Story for our start of restoration in village Pirin

The Bisserov Sisters and family were born in Pirin village. In 1968, my father received a letter saying that our family’s two houses would be demolished to provide land for the building of a cultural palace. .As a result of this, our father and his brother bought land in village Levunovo and, in 1969, built a new family house. We left the village and now have just a few relatives living there. From 1978 the Bisserov Sisters started to perform around the world, returning to village Pirin from time to time, to film our native place.

Soon after, our grand parents died and their house in Pirin became empty. It was very sad to see it abandoned. It was originally our great grand father’s house, from my mother’s side. My great grandfather was a priest in village Pirin and was killed as a hero, during the Turkish occupation, fighting for Bulgarian freedom in Pirin village (part of Macedonia at the time). When he was killed, he left four sons, one of which is our grand father.

At first, my husband, Bob, and I think to restore his small house as a guesthouse, but soon realize it would be better as a historical and ethnographic museum to preserve the history of the village.

In 2006, the Sisters and I start to organize an International Folk Festival in cooperation with Sandanski Municipality. We started with performances at Sandanski, Rojen Monastery and village Pirin and have completed a Fourth Festival in 2009.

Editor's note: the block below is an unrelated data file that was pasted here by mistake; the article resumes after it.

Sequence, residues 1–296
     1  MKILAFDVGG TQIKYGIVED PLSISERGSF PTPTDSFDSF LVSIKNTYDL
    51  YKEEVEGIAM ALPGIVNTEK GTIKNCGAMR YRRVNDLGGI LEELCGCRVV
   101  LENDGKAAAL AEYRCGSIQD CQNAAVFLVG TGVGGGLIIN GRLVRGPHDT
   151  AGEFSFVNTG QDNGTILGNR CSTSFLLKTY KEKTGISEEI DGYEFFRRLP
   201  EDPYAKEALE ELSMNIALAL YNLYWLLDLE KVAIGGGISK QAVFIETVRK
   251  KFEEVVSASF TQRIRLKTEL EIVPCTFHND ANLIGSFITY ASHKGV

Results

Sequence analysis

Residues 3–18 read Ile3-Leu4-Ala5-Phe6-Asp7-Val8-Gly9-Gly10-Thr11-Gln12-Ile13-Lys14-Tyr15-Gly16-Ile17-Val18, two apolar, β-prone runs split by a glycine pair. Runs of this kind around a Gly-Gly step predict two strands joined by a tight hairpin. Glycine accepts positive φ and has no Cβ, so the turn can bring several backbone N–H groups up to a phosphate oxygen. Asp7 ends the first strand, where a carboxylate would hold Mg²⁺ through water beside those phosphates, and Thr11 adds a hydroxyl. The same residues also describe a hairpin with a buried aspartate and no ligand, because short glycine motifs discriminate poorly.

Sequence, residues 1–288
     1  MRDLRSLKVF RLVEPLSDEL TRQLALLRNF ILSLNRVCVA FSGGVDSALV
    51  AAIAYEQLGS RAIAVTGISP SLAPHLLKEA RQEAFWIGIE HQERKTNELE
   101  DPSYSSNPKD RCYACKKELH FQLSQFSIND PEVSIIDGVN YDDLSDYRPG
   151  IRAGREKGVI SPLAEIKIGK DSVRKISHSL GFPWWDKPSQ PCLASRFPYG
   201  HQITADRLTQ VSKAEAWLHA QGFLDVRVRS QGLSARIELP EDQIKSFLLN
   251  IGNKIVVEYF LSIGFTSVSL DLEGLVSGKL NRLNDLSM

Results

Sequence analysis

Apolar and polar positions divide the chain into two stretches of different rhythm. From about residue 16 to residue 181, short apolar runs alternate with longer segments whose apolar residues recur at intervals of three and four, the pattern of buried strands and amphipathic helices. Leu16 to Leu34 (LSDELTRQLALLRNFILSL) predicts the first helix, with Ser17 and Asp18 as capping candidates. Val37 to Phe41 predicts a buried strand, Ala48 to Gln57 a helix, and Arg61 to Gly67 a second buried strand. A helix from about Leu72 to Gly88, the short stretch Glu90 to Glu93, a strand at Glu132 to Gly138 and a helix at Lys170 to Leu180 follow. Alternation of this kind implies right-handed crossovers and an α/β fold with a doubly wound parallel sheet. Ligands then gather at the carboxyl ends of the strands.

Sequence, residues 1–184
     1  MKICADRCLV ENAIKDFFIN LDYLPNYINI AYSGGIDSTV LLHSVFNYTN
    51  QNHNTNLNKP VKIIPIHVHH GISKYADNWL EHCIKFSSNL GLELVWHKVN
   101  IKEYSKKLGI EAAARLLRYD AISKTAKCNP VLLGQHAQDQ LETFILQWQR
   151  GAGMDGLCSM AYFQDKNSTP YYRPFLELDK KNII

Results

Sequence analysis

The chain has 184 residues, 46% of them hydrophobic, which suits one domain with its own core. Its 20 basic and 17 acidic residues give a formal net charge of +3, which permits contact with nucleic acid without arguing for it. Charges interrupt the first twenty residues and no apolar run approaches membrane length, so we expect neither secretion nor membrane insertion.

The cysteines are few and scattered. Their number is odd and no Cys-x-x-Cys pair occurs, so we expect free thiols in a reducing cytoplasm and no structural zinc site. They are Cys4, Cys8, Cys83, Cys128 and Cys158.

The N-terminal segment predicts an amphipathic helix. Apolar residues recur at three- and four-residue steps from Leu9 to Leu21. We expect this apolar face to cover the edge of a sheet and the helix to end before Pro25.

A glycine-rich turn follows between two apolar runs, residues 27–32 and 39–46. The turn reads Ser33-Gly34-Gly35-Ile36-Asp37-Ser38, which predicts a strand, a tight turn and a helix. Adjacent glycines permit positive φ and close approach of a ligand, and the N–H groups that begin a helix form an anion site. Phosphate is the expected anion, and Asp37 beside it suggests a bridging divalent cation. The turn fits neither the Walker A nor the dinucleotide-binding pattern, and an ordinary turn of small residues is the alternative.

The old Bakery in Pirin village was in very bad condition and I was excited at the possibility of buying and restoring the building. I was delighted when the Cooperative Organization let us buy the property and work on its restoration. All our family are very close to the Bakery house because our father was the main builder during the 1960s. When I started to prepare the sale documents, many people from the village told me my father and all the Bisserov family were famous as dry stone wall builders in early 19th Century.

I remember my father working in the Bakery house as a baker and often my mother would send me to him to collect dough for her to make ‘mekitsi’, early in the morning, ready for breakfast.

Bob, my husband, and father in-law, Roy Gough, agreed to help financially to restore the Bakery house. We started the restoration in 2006 and Roy performed the official opening during the Third International Festival in 2008.

We now have our guesthouse with 6 bedrooms and can accommodate up to 12 people. All our guests are very welcome to enjoy Pirin village and relax during the Festival which takes place early June each year.